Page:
In July 2017, Streamroot migrated its infrastructure to Kubernetes running on Google Cloud. We also took this opportunity to move from a VM-based to a container-based architecture. This change was motivated by our growth, availability requirements and need for faster time-to-production. After a bit more than 6 months of running Kubernetes in production, we wanted to share our experience.
Streamroot provides services for the video streaming industry, where users tend to watch their videos at the same time of day, for instance when they come back from work. We have an acute traffic pattern: every day we need 4 times more resources during rush hours than during lulls, so autoscaling is a must in order to control infrastructure costs and manage traffic spikes.
Our microservices (~10) receive an aggregated ~40.000 HTTP requests per second and over a million persistent websocket connections at peak time. Interestingly, a bit less than half of our overall CPU count in our previous VM-based setup was dedicated to SSL processing (we used Nginx as a reverse proxy).
Things we wish we’d known earlier: what’s not in the doc
When we started with Google, the Google Cloud Load Balancer (GCLB for short) didn’t support — at least not publicly — SNI for SSL, which meant that we had to deal with a lot of load balancers (we don’t always have the luxury of wildcard certificates). Luckily SNI has been made generally available since. Unfortunately, it is not (yet?) possible to configure a Kubernetes Ingress that creates a GCLB with support for multiple SSL certs for different hostnames. In other words, we can’t manage certificates like Kubernetes Secrets and we have to create GCLBs manually, which is a pain.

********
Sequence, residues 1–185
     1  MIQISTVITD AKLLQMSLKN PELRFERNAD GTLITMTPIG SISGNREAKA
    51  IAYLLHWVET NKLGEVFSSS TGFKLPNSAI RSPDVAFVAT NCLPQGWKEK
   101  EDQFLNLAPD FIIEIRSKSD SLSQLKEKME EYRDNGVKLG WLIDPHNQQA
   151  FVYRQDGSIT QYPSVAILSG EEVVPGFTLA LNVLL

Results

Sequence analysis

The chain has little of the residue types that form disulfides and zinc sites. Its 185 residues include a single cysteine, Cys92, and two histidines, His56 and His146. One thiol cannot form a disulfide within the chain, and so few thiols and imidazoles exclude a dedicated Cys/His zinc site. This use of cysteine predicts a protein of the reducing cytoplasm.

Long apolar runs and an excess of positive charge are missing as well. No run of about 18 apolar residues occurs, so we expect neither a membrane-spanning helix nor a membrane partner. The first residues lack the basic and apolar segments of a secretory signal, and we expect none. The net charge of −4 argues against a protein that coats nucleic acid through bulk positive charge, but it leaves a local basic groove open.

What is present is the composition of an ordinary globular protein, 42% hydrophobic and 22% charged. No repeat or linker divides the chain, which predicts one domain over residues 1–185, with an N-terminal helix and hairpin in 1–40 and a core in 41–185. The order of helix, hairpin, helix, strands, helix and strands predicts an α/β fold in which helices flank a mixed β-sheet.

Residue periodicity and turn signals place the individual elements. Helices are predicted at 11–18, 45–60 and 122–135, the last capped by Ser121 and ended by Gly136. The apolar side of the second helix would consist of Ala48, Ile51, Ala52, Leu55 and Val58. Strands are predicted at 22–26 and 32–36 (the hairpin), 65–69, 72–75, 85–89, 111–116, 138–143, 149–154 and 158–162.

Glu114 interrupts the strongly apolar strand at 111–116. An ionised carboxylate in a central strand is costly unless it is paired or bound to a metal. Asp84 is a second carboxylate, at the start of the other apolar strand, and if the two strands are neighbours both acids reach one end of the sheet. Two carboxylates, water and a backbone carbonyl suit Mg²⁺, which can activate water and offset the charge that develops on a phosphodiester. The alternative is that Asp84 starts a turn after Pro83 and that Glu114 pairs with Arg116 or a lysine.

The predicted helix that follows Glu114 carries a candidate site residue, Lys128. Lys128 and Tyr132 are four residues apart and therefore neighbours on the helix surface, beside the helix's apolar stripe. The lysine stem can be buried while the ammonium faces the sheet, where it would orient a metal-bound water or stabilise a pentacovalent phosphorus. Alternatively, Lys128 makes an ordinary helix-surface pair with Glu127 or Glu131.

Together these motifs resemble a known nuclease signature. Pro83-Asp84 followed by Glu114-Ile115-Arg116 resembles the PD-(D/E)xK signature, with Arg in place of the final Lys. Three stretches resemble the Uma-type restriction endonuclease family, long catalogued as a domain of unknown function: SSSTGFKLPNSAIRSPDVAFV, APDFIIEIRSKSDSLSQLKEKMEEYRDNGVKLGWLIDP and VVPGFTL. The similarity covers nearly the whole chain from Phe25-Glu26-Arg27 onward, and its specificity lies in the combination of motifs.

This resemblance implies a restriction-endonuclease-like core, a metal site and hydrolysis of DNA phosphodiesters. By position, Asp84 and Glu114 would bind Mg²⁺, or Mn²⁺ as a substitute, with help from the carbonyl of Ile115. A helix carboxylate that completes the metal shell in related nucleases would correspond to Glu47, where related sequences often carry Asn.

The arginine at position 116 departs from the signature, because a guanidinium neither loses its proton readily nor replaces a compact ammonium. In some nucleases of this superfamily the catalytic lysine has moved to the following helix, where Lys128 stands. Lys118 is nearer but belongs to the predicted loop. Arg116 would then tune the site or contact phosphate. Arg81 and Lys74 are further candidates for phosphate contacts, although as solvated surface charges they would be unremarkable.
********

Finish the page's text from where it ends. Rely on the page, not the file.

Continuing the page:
Another limitation of the GCLB is that it’s not flexible in terms of configuring “stickiness”, that is, how you can route an HTTP request to a specific server. The only options are based on the client’s IP or some HTTP cookie that the GCLB manages for you. It’s nowhere near what Nginx is capable of, where you can use any Nginx variable ($request_uri, a capturing group in a rewrite regex, etc.) to be the basis on which an upstream server is chosen. Because our services have some in-memory states, we have to do some advanced sharding that the GCLB doesn’t support. Basically we have to run Nginx behind the GCLB, the latter being used only for SSL offloading.
On the bright side, the GCLB performs SSL offloading for free, in the sense that one only pays for the processed traffic regardless of whether it is encrypted or not.
The canonical way to autoscale with K8s seems to use the Horizontal Pod Autoscaler (HPA) in conjunction with the GKE node autoscaler. We find that it’s cumbersome. Besides the HPA and the NodeAutoscaler being quite new, this requires us to precisely set the pods’ resource requests and to run Heapster to monitor actual resource usage. Also, it’s not very dynamic in the event of traffic surges because the pod and Node autoscalers run at independent periods and both have to kick in to really scale out.